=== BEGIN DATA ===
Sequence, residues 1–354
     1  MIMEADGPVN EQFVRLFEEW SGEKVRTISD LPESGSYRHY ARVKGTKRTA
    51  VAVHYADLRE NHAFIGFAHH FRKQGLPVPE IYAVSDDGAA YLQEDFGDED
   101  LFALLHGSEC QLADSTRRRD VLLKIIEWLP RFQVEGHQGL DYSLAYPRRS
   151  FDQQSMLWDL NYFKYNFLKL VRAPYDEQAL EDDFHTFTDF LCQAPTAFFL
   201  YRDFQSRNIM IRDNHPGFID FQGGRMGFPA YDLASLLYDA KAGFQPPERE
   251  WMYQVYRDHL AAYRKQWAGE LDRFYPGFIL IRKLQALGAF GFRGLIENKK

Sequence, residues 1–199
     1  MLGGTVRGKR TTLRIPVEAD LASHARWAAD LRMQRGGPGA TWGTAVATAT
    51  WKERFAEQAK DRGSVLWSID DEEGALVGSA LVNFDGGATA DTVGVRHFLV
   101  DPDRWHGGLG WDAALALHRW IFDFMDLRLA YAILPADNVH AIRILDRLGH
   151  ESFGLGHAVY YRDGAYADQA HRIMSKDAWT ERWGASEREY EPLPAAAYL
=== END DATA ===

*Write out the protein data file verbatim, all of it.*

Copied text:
Sequence, residues 1–354
     1  MIMEADGPVN EQFVRLFEEW SGEKVRTISD LPESGSYRHY ARVKGTKRTA
    51  VAVHYADLRE NHAFIGFAHH FRKQGLPVPE IYAVSDDGAA YLQEDFGDED
   101  LFALLHGSEC QLADSTRRRD VLLKIIEWLP RFQVEGHQGL DYSLAYPRRS
   151  FDQQSMLWDL NYFKYNFLKL VRAPYDEQAL EDDFHTFTDF LCQAPTAFFL
   201  YRDFQSRNIM IRDNHPGFID FQGGRMGFPA YDLASLLYDA KAGFQPPERE
   251  WMYQVYRDHL AAYRKQWAGE LDRFYPGFIL IRKLQALGAF GFRGLIENKK

Sequence, residues 1–199
     1  MLGGTVRGKR TTLRIPVEAD LASHARWAAD LRMQRGGPGA TWGTAVATAT
    51  WKERFAEQAK DRGSVLWSID DEEGALVGSA LVNFDGGATA DTVGVRHFLV
   101  DPDRWHGGLG WDAALALHRW IFDFMDLRLA YAILPADNVH AIRILDRLGH
   151  ESFGLGHAVY YRDGAYADQA HRIMSKDAWT ERWGASEREY EPLPAAAYL